878 F2d 1208 United States v. Beltran-Rios
878 F.2d 1208
28 Fed. R. Evid. Serv. 127
UNITED STATES of America, Plaintiff-Appellee,
Luis BELTRAN-RIOS, Defendant-Appellant.
United States Court of Appeals,
Argued and Submitted May 2, 1989.
Decided July 6, 1989.
Janice Hogan, Federal Defenders of San Diego, Inc., San Diego, Cal., for defendant-appellant.
Patrick K. O'Toole, Asst. U.S. Atty., San Diego, Cal., for plaintiff-appellee.
Appeal from the United States District Court for the Southern District of California.
Before FLETCHER, NELSON and NORRIS, Circuit Judges.
FLETCHER, Circuit Judge:
Beltran-Rios was convicted of importation of a controlled substance and possession of a controlled substance with intent to distribute. He appeals the conviction, contending that the district court erred in allowing the Government to introduce expert testimony describing the "profile" characteristics of drug couriers, and that the jury instruction on the elements of Beltran's duress defense was erroneous. We affirm.
At approximately 9:00 a.m. on February 16, 1988, Luis Beltran-Rios entered the pedestrian inspection area of the Calexico, California Port of Entry. Customs Agent Donald Hylton performed a pat-down search of Beltran and found three small packages of heroin in Beltran's shoes. Beltran was placed under arrest, and was questioned by Customs and DEA agents. During the course of this questioning, Beltran gave several conflicting explanations for the presence of heroin in his shoes.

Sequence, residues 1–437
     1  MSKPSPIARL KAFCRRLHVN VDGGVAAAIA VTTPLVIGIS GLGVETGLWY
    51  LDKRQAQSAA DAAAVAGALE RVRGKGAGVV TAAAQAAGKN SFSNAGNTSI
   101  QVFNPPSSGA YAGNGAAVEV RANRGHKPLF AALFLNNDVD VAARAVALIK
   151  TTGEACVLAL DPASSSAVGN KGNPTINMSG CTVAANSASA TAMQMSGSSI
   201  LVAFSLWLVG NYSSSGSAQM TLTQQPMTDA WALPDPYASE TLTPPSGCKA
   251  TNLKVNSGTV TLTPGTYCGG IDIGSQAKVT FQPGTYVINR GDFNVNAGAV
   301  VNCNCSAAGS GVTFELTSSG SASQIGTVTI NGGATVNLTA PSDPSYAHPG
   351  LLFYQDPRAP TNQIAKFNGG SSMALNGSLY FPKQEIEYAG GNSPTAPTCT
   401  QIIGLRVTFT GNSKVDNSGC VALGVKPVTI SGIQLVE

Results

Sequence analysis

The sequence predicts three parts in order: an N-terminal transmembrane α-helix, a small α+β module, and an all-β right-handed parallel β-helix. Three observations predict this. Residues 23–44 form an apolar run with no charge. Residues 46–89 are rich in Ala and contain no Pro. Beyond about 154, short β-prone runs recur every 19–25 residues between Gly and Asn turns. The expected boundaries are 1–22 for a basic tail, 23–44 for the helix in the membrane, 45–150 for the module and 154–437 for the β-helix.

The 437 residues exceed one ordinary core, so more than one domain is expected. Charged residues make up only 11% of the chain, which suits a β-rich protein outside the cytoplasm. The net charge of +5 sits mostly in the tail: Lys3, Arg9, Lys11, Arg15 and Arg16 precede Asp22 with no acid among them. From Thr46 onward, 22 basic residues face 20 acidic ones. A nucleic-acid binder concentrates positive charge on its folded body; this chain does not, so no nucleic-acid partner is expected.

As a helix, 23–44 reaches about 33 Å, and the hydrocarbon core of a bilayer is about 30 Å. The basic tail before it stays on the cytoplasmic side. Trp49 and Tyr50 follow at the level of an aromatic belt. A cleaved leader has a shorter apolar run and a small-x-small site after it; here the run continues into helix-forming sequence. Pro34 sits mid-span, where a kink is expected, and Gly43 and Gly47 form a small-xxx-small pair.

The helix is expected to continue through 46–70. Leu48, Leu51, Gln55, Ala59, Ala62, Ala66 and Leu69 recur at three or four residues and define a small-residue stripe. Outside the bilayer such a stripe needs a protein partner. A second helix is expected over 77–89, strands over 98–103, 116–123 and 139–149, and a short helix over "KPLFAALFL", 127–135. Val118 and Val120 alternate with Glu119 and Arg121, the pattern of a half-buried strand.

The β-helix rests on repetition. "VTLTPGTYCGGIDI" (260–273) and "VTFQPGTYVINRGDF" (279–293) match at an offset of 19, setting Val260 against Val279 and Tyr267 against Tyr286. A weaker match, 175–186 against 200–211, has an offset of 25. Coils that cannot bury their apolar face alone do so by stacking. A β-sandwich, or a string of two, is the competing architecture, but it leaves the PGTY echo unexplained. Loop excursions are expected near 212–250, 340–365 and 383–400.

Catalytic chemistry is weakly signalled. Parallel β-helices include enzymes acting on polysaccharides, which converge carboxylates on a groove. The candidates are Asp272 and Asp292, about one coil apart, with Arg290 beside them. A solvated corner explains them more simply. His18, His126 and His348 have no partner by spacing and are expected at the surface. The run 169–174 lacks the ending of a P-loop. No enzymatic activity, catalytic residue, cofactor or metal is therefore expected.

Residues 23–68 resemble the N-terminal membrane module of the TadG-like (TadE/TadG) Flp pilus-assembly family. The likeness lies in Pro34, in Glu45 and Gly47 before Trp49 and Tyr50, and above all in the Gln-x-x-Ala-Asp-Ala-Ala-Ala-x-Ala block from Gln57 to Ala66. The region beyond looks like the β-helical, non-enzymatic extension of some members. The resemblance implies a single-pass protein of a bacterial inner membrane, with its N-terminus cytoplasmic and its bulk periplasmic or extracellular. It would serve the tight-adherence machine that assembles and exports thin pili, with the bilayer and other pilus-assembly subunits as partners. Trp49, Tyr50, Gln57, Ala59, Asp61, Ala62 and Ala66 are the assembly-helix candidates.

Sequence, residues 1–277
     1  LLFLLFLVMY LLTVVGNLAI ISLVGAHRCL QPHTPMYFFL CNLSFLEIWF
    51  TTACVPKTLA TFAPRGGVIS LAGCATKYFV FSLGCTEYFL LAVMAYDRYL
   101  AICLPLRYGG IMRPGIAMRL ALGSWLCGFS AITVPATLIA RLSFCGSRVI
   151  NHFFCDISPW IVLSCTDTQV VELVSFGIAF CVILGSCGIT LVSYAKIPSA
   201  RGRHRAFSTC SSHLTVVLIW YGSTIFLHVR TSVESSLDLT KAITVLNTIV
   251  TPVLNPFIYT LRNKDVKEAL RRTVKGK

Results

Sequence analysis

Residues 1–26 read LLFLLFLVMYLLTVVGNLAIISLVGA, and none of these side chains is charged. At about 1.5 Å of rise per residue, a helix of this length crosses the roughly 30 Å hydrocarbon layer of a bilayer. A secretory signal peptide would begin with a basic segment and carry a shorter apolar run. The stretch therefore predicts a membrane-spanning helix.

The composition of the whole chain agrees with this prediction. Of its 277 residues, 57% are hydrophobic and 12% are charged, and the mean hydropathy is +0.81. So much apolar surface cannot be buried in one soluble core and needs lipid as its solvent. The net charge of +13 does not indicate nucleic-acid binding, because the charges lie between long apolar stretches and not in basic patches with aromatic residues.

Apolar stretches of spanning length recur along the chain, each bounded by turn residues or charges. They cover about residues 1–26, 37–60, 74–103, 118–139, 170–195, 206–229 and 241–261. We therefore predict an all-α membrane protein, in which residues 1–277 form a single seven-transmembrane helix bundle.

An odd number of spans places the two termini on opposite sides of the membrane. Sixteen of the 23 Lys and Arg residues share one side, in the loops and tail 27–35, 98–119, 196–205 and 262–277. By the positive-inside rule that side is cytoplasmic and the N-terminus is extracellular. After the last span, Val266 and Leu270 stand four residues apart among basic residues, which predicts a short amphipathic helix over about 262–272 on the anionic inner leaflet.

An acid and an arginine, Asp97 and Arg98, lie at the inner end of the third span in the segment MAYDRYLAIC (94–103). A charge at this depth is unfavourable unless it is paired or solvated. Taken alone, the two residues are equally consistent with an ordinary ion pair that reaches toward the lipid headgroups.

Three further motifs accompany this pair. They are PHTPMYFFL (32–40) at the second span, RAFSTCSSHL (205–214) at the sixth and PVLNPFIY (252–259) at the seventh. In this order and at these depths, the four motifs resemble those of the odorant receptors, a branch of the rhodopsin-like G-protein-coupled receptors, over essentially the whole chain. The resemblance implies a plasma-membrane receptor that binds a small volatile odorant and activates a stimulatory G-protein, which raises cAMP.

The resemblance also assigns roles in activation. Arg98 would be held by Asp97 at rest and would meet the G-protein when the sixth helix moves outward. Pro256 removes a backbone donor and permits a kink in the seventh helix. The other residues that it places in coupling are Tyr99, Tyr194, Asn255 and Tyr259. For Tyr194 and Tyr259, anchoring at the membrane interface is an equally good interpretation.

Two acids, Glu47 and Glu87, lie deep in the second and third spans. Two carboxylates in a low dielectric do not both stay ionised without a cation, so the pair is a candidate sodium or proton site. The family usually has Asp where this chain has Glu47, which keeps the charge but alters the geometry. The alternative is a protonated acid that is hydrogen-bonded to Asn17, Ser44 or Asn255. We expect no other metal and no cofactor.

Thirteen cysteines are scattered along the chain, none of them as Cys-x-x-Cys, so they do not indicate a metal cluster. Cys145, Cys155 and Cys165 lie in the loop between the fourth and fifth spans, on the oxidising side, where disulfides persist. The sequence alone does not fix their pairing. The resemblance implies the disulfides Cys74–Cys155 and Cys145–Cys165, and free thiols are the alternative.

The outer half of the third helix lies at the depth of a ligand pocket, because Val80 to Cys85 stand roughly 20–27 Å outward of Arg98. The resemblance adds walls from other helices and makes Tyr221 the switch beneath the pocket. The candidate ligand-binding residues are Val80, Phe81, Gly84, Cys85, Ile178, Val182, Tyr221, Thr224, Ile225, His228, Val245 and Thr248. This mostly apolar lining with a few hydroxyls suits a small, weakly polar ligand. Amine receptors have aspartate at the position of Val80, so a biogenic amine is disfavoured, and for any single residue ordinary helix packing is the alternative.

On February 22, 1988, a two count indictment was filed in the United States District Court for the Southern District of California, charging Beltran with violations of 21 U.S.C. Secs. 952, 960 (importation of a controlled substance) and 21 U.S.C. Sec. 841(a)(1) (possession of a controlled substance with intent to distribute). On February 26, Beltran pleaded not guilty. Beltran filed a motion to suppress physical evidence as well as statements he made to Customs and DEA agents. The district court denied this motion after an April 25 hearing. A jury trial began on May 17, 1988.
Beltran offered duress as his major defense at trial. Beltran argued that he brought heroin into the United States against his will because an individual named Jesus Holguin Lopez approached him and demanded that he do so. Lopez allegedly threatened to kill Beltran or his family if he did not comply. Beltran presented testimony from a Father Augustin Gonzalez-Magana attesting to Beltran's good reputation and Lopez's reputation as a dangerous drug trafficker. In his opening statement, defense counsel also emphasized Beltran's vulnerability to Lopez's threats, portraying Beltran as a simple, poor farmer. Counsel pursued a related theme in cross-examination, questioning witnesses about Beltran's appearance in an effort to emphasize that Beltran dressed poorly, and did not display flashy or expensive jewelry.
Allegedly to rebut the "poor simple farmer" theme, the Government introduced expert testimony describing the characteristics of the typical drug courier, or "mule." The Government's expert witness, Deputy Sheriff Jose Moreno-Nava, testified that mules were generally poor, sympathetic-looking individuals, who went into the drug courier trade because it is the only way for such individuals to make money quickly. This testimony was admitted over defense counsel's objection.
After the presentation of the evidence, counsel and the trial judge conferred concerning the instructions. The judge indicated that she would not give the defendant's proposed duress instruction, but would give a modified version of the Ninth Circuit Model Jury Instruction on duress. Defense counsel objected, contending that the instruction improperly introduced a requirement of prompt surrender to the authorities as an element of the defense.
On May 20, 1988, the jury returned a verdict of guilty on both counts. On July 11, 1988, Beltran was sentenced to 33 months in custody, and a term of three years of supervised release. This appeal follows. We have jurisdiction under 28 U.S.C. Sec. 1291.
A. Admission of Nava's Testimony